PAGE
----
The Puritan Massacres of Catholics

On October 2, 1649, the English Parliament appointed a national Thanksgiving Day in celebration of the dreadful slaughter—and by unanimous vote placed upon the Parliamentary records—"That the House does approve of the execution done at Drogheda as an act of both justice to them [the butchered ones] and mercy to others who may be warned by it."

BY Seumas MacManus

EXCERPT FROM "The STORY of the IRISH RACE" (Copyright © 1921)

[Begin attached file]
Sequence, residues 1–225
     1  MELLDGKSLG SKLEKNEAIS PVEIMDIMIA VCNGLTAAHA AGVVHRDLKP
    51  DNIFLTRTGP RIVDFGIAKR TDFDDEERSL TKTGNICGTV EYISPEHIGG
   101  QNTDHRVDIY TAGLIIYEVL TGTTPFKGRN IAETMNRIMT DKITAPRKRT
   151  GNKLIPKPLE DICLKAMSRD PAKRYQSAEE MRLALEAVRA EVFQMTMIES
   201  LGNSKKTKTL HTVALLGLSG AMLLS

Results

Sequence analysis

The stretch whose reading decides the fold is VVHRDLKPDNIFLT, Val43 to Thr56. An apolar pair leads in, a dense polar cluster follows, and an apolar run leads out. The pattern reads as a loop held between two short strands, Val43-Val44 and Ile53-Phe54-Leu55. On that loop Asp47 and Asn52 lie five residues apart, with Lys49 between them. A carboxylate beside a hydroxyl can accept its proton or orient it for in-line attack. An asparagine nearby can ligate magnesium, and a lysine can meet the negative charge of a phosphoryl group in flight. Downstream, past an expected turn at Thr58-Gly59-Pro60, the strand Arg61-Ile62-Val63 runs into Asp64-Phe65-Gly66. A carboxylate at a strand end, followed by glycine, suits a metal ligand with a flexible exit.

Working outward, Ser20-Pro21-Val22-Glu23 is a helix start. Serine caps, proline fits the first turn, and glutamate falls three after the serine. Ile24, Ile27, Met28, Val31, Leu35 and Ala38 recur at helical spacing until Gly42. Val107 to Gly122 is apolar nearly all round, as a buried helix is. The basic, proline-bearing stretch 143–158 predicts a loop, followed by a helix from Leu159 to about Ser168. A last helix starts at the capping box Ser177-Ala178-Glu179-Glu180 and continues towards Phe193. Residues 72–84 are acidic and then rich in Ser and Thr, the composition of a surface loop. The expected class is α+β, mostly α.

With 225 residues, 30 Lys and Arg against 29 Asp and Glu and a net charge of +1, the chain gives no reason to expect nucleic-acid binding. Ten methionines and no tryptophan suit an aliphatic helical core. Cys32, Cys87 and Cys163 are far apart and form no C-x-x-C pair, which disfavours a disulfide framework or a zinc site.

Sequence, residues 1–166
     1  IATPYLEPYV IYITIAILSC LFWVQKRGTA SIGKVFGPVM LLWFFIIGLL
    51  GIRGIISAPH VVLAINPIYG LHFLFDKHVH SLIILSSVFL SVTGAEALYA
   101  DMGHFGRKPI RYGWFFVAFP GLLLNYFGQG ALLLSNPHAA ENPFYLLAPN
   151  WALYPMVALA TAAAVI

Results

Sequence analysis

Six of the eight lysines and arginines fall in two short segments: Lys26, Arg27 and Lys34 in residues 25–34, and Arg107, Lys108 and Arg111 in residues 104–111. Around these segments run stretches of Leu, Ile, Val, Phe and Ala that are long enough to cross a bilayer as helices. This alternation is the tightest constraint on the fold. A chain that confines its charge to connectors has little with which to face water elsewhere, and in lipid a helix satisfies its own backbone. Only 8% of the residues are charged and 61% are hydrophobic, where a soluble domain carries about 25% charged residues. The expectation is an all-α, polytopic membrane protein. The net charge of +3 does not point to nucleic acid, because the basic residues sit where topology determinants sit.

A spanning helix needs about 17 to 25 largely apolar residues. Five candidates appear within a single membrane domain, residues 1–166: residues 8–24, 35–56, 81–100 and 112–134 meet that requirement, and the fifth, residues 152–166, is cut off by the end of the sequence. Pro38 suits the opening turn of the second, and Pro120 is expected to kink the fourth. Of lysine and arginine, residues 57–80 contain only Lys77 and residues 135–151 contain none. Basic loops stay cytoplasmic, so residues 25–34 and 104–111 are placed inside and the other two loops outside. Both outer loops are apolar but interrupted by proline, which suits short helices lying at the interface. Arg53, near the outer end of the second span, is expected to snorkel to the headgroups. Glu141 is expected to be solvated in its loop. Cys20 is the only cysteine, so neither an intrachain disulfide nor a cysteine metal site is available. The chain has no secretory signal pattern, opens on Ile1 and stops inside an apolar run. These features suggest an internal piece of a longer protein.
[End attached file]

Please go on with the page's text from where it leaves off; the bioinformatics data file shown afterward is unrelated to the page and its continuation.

It was in August of ‘40 that Cromwell landed in Dublin, with eight regiments of foot, six of horse, and several troops of dragoon—in all seventeen thousand of the flower of the Puritan army. They were extraordinary men, his Ironsides—Bible-reading, psalm-singing soldiers of God—fearfully daring, fiercely fanatical, papist hating, looking on this land as being assigned to them the chosen people, by their God. And looking on the inhabitants as idol-worshiping Canaanites who cursed of God, and to be extirpated by the sword. They came with minds inflamed by the lurid accounts of the "great Popish Massacre," which for some years now had been, by the Parliamentarians sedulously circulated among the English people. A sample of this literature is the pamphlet published in London in 1647 by a noted Puritan preacher (and writer) Nathaniel Ward: "I beg upon my hands and knee that the expedition against them (the Irish) be undertaken while the hearts and hands of our soldiery are hot; to whome, I will be bold to say, briefly: happy be he that shall reward them as they served us, and cursed be he who shall do the work of the Lord negligently. Cursed be he who holdeth back the sword from blood: yea cursed be he that maketh not the sword stark drunk with Irish blood; who doth not recompense them double for their treachery to the English; but maketh them in heaps on heaps, and their country the dwelling place of dragons—and astonishment for nations. Let not that eye look for pity, nor hand be spared, that pities or spares them; and let him be cursed that curseth them not bitterly."